I have a lot of questions for you today. They’re all about you.
Have you Googled yourself lately?
Go ahead and do it. Put your name in quotes at Google and see what comes up. If you have a distinctive name, the entire first page might be about you!
Here’s my name on Google. There are links to many social media profiles for my name. I frequently post comments on The Huffington Post so that shows up as well. My website, The Moonlighter’s Guide, shows up near the bottom of the page.
Are you pleased with what shows up under your name? When you click on “images only”, are the pictures consistent and professional looking? Will they hinder or help you get a job? Are those college drinking photos from your friend’s Facebook page resurfacing yet again? You can’t control what other people say or write about you, but at least on Facebook you can “untag” yourself so the photo won’t appear when people are searching for you.
Choose your words carefully when using social media. Everything you do or say on the web is tracked. You know that, right? That snarky comment you made about that other writer on that “members only” board that you thought was private, is there for all to see if they dig.
Those tweets never completely go away. That’s the truth. You need to act as though everything you write from a tweet to a comment to a book is accessible by everyone. A bad comment on a blog may come back to haunt you. Your wild weekend on your “private” Facebook page may not be in line with your online writing persona. All it takes is one wrong click and you can make everything available to the masses.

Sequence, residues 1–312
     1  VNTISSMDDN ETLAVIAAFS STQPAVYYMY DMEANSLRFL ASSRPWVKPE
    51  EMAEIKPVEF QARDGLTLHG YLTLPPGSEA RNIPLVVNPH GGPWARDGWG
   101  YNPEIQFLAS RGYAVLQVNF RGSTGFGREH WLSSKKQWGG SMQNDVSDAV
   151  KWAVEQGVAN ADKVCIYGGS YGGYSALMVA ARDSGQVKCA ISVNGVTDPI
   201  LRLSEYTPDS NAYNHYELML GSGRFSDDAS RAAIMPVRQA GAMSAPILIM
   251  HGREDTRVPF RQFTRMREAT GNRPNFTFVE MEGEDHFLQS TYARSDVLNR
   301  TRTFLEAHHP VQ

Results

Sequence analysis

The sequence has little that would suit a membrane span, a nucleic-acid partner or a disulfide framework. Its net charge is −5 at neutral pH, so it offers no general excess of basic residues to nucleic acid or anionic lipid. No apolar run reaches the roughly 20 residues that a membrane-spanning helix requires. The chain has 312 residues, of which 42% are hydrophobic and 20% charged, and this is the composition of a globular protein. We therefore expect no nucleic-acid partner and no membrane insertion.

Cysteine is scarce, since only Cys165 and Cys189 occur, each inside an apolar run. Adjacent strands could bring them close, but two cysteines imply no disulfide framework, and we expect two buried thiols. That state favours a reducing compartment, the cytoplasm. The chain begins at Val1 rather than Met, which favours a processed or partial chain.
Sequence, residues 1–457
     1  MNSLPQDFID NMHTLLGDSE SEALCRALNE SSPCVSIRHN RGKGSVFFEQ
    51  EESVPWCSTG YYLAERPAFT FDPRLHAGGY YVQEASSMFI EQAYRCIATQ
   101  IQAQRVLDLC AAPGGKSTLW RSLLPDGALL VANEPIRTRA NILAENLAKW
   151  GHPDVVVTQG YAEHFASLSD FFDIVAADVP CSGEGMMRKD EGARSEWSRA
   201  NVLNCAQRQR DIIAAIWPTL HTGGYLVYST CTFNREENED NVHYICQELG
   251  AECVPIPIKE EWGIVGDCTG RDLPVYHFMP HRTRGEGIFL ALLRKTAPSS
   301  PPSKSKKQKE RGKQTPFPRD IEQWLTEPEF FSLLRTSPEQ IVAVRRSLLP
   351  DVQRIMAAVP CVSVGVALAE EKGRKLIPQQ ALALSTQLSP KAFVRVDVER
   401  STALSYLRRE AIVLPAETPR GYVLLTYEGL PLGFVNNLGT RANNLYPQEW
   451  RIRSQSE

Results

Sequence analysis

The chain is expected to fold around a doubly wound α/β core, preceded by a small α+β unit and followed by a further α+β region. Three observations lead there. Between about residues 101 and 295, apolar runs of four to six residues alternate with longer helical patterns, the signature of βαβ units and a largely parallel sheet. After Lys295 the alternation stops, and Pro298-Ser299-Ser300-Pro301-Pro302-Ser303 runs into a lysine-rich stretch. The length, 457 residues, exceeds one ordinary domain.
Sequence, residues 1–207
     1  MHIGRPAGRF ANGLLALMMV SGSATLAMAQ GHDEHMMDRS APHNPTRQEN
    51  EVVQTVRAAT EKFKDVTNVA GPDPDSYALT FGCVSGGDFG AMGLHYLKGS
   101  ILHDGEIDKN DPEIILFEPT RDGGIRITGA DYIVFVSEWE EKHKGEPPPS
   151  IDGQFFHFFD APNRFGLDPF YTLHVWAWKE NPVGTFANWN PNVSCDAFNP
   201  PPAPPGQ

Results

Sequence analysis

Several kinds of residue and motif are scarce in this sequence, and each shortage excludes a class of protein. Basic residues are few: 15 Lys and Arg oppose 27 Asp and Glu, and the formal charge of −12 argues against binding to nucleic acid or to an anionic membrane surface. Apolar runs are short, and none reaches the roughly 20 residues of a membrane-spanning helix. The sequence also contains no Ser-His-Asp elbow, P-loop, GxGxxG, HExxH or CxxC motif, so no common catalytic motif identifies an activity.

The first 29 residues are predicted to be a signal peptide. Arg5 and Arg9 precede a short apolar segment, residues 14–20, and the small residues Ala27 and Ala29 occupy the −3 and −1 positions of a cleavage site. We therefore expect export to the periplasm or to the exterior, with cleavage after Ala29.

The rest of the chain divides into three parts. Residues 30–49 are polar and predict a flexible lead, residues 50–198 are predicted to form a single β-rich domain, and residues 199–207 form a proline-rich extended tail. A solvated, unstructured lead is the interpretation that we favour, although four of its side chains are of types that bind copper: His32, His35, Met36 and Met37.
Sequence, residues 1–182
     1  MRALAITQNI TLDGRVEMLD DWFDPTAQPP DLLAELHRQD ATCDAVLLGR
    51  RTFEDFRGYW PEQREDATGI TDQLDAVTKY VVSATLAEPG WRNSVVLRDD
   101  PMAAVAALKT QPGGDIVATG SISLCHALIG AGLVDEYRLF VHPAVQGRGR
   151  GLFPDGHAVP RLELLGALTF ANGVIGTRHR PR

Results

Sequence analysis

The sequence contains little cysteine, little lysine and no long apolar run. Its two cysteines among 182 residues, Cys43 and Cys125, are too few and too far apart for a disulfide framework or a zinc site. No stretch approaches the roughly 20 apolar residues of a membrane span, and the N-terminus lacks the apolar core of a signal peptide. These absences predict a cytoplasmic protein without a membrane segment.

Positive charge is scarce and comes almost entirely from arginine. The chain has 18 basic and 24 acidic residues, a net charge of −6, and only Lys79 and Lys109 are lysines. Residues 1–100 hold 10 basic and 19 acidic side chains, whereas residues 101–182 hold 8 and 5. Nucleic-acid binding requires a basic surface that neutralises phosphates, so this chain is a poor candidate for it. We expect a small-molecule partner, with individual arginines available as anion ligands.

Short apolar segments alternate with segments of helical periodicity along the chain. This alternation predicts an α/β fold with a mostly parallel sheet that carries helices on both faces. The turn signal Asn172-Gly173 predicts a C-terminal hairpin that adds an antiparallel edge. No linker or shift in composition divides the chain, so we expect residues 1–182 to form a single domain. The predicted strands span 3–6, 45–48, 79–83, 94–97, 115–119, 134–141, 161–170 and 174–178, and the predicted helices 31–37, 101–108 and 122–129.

Keeping Your Good Name
Buy your name as a domain if it’s available. (www.YourName.com) Even if you don’t intend to put up a website using your name, at least it will be unavailable for others to do so. Later on, when you’re a rock star, you’ll be glad you did.
If you do choose to put up a website, please remember your website is a reflection of you. Not all of us have webmaster skills, but if you have silly moving GIF files on your site from 1997. Take them off. Have a clean, professional looking website.
I visited an author website once that was so fantastic it made me buy her book. The book was mediocre. I wasn’t a repeat customer, but she got the first sale by having a great looking website.
Your Bio and Photo
Update your bio, photo and professional experience across the web as your writing experience changes. Try to have some personal information in your bio too. What is your favorite city on the planet? Does someone or something inspire you? Who and why?
Take a few minutes to read the professional bios of other writers you admire. What makes you like them? Incorporate those concepts and ideas into your own bio.
Photos Of You
When someone reads your bio, they look at your photo first. They try to imagine you doing all of the the things you stated in your bio. If you are a travel writer it’s a great idea to have a photo of you standing in front of the Eiffel Tower or some other recognizable background. If you write comedy by all means have a funny picture. If you write brooding mystery and noir, black and white photos are all the rage. If you are a freelance writing professional, look like one. You may write in a robe and bunny slippers but clients don’t need to see them.
Your name is associated with your writing. One of the easiest ways to keep tabs on your name is to set up a Google Alert. Google will notify you by email when your name or any other search term you choose shows up on a new webpage.
Take the time to protect your online reputation and your good name.